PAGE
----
5. It’s heart healthy.
It looks like adding in some occasional fasting can keep your ticker in good health. It’s been shown to improve blood pressure, total cholesterol levels, and lower levels of LDL, triglycerides, and blood sugar.
Many of these research conclusions are based on animal studies so there’s still some work to be done on humans to determine if guidelines or recommendations should be made.
6. It may prevent cancer.
Here’s another one that may need more research, but current results are looking promising.
Some studies have linked intermittent fasting to cancer prevention and a reduction in side effects from chemotherapy.
7. It’s good for your brain.
While fasting too much is not good for brain function, intermittent fasting is! That reduction in oxidative stress (see # 4), insulin resistance, and decrease in blood sugar and inflammation is all great for brain health!
Multiple research has linked intermittent fasting to new production of nerve cells and an increase in an essential brain hormone brain-derived neurotrophic factor (BDFN). A deficiency in BDFN has been associated with numerous brain diseases and issues, so increases in this hormone are extremely beneficial for prevention.
8. It helps prevent Alzheimer’s.
Research focusing on Alzheimer’s and intermittent fasting is showing that it might decrease the severity and delay the development of Alzheimer’s as well as improve symptoms.
Although research still needs to be done on human subjects, there is some evidence from animal studies that intermittent fasting might prevent other diseases that result in neural degeneration such as Parkinson’s and Huntington’s.
9. It’s good for longevity.
Multiple studies with rats show that fasting can increase lifespan. In fact, in one study, rats who fasted every other day actually lived 83% longer. Again, research on its effects in humans is still needed, but current research is promising.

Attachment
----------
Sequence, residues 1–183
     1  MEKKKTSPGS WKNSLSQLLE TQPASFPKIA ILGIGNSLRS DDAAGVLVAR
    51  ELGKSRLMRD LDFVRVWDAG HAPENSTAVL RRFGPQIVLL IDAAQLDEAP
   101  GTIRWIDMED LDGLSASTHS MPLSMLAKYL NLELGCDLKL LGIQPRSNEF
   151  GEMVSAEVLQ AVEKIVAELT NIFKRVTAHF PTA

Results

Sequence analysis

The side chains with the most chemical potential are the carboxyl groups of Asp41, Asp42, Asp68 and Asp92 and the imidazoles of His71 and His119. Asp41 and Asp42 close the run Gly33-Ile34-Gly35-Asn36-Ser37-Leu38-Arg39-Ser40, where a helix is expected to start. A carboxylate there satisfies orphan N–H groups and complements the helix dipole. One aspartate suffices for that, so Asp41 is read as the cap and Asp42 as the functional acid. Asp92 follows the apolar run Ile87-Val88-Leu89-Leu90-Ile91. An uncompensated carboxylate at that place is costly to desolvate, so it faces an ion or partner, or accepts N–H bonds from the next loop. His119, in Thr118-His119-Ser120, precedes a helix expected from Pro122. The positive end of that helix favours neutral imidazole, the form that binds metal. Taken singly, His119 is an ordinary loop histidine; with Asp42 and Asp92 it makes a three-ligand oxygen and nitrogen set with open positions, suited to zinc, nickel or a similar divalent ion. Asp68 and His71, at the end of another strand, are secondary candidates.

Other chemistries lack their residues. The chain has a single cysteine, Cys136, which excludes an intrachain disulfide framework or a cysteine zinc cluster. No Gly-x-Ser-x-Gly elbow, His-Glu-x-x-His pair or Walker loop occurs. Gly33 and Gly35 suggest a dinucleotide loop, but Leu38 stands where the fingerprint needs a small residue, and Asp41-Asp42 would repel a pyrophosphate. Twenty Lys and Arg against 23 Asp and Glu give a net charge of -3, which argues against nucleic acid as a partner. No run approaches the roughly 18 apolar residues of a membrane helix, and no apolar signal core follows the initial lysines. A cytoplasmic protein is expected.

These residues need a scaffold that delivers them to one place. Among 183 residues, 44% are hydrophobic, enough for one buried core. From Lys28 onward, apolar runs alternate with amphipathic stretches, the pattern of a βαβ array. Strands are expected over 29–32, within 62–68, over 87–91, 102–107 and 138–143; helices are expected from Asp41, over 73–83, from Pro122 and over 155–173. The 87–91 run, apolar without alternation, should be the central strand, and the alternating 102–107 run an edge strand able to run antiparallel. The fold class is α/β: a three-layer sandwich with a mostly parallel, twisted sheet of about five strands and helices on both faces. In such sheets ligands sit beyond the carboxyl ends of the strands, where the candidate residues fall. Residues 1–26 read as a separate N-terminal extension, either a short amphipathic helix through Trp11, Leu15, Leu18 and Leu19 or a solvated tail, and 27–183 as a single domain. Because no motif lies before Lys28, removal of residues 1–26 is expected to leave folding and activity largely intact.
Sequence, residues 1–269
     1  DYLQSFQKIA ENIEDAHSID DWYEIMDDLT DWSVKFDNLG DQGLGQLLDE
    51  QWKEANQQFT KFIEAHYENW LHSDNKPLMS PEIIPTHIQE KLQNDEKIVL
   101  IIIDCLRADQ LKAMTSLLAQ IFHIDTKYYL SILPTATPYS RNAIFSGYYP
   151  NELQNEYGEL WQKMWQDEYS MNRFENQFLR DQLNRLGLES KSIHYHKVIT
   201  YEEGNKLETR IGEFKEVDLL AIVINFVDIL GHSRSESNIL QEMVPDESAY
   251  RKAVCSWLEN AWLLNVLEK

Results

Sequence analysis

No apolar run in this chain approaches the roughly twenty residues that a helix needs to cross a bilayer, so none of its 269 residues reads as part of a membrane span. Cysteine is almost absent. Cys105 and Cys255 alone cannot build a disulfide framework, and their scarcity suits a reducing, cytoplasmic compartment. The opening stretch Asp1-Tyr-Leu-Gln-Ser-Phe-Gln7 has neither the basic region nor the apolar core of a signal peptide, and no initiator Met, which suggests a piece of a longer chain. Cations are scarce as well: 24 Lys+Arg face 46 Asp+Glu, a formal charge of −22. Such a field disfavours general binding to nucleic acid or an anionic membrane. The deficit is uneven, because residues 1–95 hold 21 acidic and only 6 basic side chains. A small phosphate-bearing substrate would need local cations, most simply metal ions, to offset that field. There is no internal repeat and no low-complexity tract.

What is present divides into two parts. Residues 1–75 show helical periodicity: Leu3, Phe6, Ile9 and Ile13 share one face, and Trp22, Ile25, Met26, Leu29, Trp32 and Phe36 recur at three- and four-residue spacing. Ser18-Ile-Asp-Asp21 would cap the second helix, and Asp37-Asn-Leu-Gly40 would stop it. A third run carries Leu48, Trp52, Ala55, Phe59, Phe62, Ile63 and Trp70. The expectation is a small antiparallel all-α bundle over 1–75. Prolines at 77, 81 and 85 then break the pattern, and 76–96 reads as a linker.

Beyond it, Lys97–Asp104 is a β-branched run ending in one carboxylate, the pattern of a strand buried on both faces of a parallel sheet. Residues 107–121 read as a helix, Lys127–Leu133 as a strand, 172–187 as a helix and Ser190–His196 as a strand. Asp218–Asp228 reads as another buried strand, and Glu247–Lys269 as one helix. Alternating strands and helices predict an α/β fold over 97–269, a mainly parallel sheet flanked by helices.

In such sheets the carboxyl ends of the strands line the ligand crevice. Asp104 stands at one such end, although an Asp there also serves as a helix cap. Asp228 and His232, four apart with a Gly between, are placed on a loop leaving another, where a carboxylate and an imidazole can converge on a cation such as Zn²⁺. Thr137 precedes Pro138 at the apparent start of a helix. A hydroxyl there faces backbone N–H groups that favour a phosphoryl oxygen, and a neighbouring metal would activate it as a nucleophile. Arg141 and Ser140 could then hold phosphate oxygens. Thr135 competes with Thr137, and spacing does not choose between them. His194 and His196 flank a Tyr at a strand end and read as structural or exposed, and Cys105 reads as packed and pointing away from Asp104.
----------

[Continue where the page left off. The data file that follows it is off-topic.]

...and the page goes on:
Additionally, the combination of prevention for disease and cancers and its contribution to a healthy heart and weight loss makes it pretty clear why it would extend your life
If you’re interested in incorporating intermittent fasting as your eating pattern, check out these tips to get started.
- The best part about intermittent fasting is that it doesn’t have to follow a specific structure or plan. So you can do it when it works for you.
- Start off slowly by fasting when it’s the most convenient for you. This could be when you’re already not feeling hungry for breakfast/lunch/dinner, or it could simply be a time when you don’t have time to cook.
- If you’re one who needs structure, you can try following these other options to get started:
- fast for 16 hours each day
- fast for 2 days each week
- fast for 24 hours once a week
- fast every other day
- fast during the day and eat a large meal for dinner
All of these are options to get started, but remember to choose whatever method is right for you. Everyone’s individual dietary needs will vary so you might check in with your health care provider to determine which method would work best for you.